Thursday, August 18, 2011

4 Years after the city consults the mountain bike community, there is still no off-road bike trail anywhere in Montreal

We demand the city stop delaying and start building off-road mountain bike trails in Montreal

In 2007 the city started consultations on creating an actual mountain bike trail in Parc Mont Royal. Problematically, the mountain bikers wanted access to the same Bois St-Jean-Baptiste as was coveted by the planners for the Ceinture Mont Royal trail. As well, Les Amis de la Montagne is 100% against any mountain bike trails, today or ever.

Read more about mountain biking on Mont Royal at our report from 2007 here.

Absolutely zero progress has been made on the mountain bike trail issue. And we are very disappointed and fed up.

Wednesday, August 17, 2011

10 climb tour of Mont Royal

We took our coworker on a ten climb tour of Mont Royal, and to our surprise it was total mission accomplished!

The route:
  1. Cote de Vesinet from Cote-Ste-Catherine (easy or hard way, it's your knees)
  2. Vincent d'Indy up to Salle Claude Champagne (right to the Salle's front door)
  3. Université de Montreal - main entrance (Chemin de la Rampe)
  4. Saint Joseph Oratory (new road at west side)
  5. Westmount: Ave de Clark & Aberdeen switchbacks to summit
  6. Westmount: Mount Pleasant switchbacks & Belvedere to summit
  7. Université de Montreal Queen Mary entrance to Polytechnique climb
  8. Pagnuelo from Cote Ste-Catherine to ave Mont Royal (misidentified on map)
  9. Mont Royal cemetery Mont Murray direct from main entrance (turn right 3 times)
  10. Camellien Houde legendary 1.8 km climb

We encourage you to try this ride, it is one of Montreal's very best bike rides. Explore your city, it's really quite the nice place in the non-winter seasons.

Tuesday, August 16, 2011

Happy 23rd birthday to our Bertrand bike

The Bertrand bike has been very, very good to us.

You only have to buy one really good road bike (and then stop listening to bike advertising and marketing BS), and ride happily ever after.

This approach to life assumes the standard 3-bike collection: a road bike, mountain bike, city bike. This is the minimum: a touring bike, a rain bike, a cargo bike, a unicycle, a Bixi, etc can all add to the fun and utility to be had from cycling.

Bike history
No bike wheel lasts forever, and here are the original specs, and the parts we have changed on the Bert.

original bike
the bike began as a full campy chorus on a custom measured columbus slx frame of the 1988 specs. The frame is hand built steel in what is described as classique 1980s TdF style. This is before the materials revolution that brought us fancy aluminum alloys and bikes made from plastique.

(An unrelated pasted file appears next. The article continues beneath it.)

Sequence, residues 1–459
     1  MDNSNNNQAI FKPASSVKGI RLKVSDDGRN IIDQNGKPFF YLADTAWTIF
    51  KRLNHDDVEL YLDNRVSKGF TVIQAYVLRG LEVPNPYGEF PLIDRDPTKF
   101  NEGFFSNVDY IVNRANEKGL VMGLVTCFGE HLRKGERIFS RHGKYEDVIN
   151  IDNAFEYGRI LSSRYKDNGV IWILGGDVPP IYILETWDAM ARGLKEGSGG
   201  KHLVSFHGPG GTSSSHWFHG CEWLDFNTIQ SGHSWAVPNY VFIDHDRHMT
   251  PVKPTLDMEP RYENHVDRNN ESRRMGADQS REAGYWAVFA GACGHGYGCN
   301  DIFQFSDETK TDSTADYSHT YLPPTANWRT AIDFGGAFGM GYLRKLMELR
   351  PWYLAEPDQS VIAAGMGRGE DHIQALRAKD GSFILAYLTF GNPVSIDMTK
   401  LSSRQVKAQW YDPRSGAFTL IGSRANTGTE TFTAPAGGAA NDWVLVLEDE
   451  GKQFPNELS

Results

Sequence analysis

both wheels (3rd set) (presently ultegra/open pro), Back wheels and me don't have long-term relationships
rear derailleur - now a ultegra long cage
gearing: since I ride hillz, it's a mountain bike cassette
tires (700x25 tuff-tires preferred so I can ride ANY road)
bike computers, presently a nice little cateye wireless
SPD pedals - so I use one pair of shoes for all riding.

Parts that need changing include:
rear wheel (hub and rim)
handlebar tape
brake cable housing (its been 23 years chris')

What annoys us?
the bike's finish could be better. A lot better.
seat post should be a little more adjustable.
Shifter is a bit slippy.
I eat back wheels.

What do we love the most.
Point this bike down any road and ride!

Most memorable bystander comment
at the 80 km point in a 100 mile ride (aka a century ride) I was really slacking off in the pedalling department, and a kid (around 10 years old) outside a house in the country shouted at me to "Ride that bike!!!"

Bike Philosophy
You can easily see that the bike isn't set up for pure speed anymore. It is set up for adventure... and fun! It has given back to me more fun than anything else in life. This has substantial value in the quality of life department.

Best ride ever
too many to count, Quebec is a terrific place to ride. Here's some favorites
St-Jean-de-Matha / Sainte-Emilie-de-l'Energie / Ste-Beatrix in northern lanaudiere
St-Alexis-des-Monts to Hotel Lac Sacacomie
Jay Peak loop from Sutton
Any variation of a ride around the Chateauguay Valley (Haut-St-Laurent) (2 dozen)
Any variation of a ride around the MRC Maskinongé on this side of Trois Rivieres (a dozen)
Chemin Craig/Gosford Appalachian ride - an amazing area for riding.

OK, we like hills.

Rides we still have to do:
Montreal -> Quebec city

tomorrow we take some coworkers for a ten-climb tour of Mont Royal

Hee hee hee.

This should be very interesting.